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Wonder Boy: The Dragon's Trap: Old Gem to You, New Gem to Me

I found myself recently craving a new game to play on my Nintendo Switch. I had just finished Super Mario Odyssey (yes I took a long time to finish it, I'm a busy person- don't judge) and I had absolutely nothing new to reach for next! After a brief glance at the eShop sale section I saw Wonder Boy: The Dragon's Trap on sale for a mere $9.99. I'd heard great things about it from the various video game podcasts that I listen to, but like many reviews that are done with free review copies- I took their opinions with a grain of salt. After a bit of an eternal debate, I took the plunge and never looked back. And wow am I glad that I did!

Wonder Boy: The Dragon's Trap may be new to me, but it definitely isn't a new game. It originally made it's debut on the Sega Master System in 1989 as Wonder Boy III: The Dragon's Trap. As someone who wasn't even alive at that time, I'd never even heard of the Sega Master System let alone Wonder Boy III. Wonder Boy at the time was very influential to the game industry and it laid the groundwork for a sub-genre that would eventually be dubbed Metroidvania.

The 2017 remastered version does the original 16 bit version a wondrous and well deserved favor. The new updated hand-drawn graphics are gorgeous and were actually the main reason I took the plunge and purchased the game in the first place. In a day and age where old games are constantly being re-released and remastered with no added features and slight graphic updates, Wonder Boy, in my opinion, does what all remastered games should be doing. A side by side comparison of the original title and the new title will show the amount of love and time that Lizardcube put into this remake. Instead of boring plain backgrounds, each area in the game now comes to life and feels unique to the area before it. In addition to these beautiful hand-drawn visuals, the new updated soundtrack to the game is also a wonderful upgrade to the original. There were actually a couple of points in the game where I hit the pause button to listen for a while longer because I was so blown away by the music! Do yourself a favor and play the video below from 49:42-51:54! The vampire dragons piano riff really blew me away. Seeing the comparison between the original and remastered version is a breeze even during gameplay. A simple tap of the shoulder button on the controller will instantly transform the graphics between the two versions, or a press of the R3 button can toggle the music. I feel that this really adds to the gameplay and helps give you an appreciation for the amount of work this remake took- even if you're like me and aren't familiar with the original version.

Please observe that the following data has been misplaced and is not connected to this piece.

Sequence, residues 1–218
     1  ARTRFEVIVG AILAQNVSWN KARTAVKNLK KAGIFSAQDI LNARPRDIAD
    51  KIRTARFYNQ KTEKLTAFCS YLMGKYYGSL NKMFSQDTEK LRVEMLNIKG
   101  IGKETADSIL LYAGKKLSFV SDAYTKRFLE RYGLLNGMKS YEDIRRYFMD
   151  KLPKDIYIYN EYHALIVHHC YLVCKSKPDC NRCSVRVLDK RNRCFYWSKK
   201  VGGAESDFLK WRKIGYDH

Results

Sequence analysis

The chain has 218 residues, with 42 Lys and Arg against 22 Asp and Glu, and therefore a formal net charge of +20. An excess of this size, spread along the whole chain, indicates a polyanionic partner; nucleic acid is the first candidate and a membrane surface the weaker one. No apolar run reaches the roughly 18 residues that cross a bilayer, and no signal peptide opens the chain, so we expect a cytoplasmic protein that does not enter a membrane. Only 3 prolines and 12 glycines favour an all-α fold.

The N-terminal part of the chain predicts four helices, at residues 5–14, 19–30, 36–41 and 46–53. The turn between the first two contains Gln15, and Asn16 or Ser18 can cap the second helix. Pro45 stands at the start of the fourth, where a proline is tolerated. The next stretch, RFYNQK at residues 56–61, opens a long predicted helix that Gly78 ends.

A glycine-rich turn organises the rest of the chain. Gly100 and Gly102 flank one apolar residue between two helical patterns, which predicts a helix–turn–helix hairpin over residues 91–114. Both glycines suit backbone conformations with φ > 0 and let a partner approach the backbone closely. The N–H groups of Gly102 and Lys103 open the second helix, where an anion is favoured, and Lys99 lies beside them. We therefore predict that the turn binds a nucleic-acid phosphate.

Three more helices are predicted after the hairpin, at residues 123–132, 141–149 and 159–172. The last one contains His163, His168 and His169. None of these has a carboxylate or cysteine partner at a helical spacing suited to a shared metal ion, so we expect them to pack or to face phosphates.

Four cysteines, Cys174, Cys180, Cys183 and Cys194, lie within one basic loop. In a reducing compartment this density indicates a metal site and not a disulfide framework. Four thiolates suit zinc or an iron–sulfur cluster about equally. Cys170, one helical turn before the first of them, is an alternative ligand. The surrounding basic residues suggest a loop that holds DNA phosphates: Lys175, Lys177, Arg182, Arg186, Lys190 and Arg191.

Enough about the gorgeous remastering work, let's talk about what this game is actually about. Wonder Boy: The Dragon's Trap starts out like many other platforming titles, with the player navigating a landscape littered with enemies and platforms to jump between. After a brush with an enemy dubbed "Meka Dragon", Wonder Boy (or Wonder Girl if you chose the female option at the start of the game) has a curse placed on him and is cast out of the castle in a Lizard form. In an effort to lift this curse and find a way to restore your original form, you as a player set out to defeat other dragons.

Sounds simple right? Nope! You need to find the dragons first. The game is littered with different areas- some aquatic, some fiery, and some in the clouds up in the sky. Navigating these areas not only requires platforming skills, but the areas are also littered with enemies. Taking out these enemies may earn the player coins that can be used to purchase potions or armor/shields/swords, items that are useful for fighting, or maybe nothing at all! The drops for all enemies are completely random adding to the difficulty of the game. And if you die? All of those items that you worked so hard to get? GONE.

In the event that you make it to the end of an area and earn a new form/ability, different areas of the game start to open up to you. I won't ruin the details, but I found that exploring and learning the different sections of the map was one of my favorite parts of the game. Areas that you saw early on become accessible the more you play and it is very satisfying to solve the puzzles!


All in all, Wonder Boy: The Dragon's Trap took me about 6 hours to complete. While this may be a bit on the short side, taking the age of the game into consideration along with the cheap price tag of $9.99 I still believe that this game is a worthwhile addition to your game library. Despite finishing the game just last night I already want to pick it up and play it again and I'm actually considering learning to speed-run it.

Long story short, I completely fell in love with Wonder Boy: The Dragon's Trap. From the gorgeous art style to it's amazing remastered soundtrack, there isn't a single thing about it that I didn't like! All things considered I think Wonder Boy deserves a solid 9.0.


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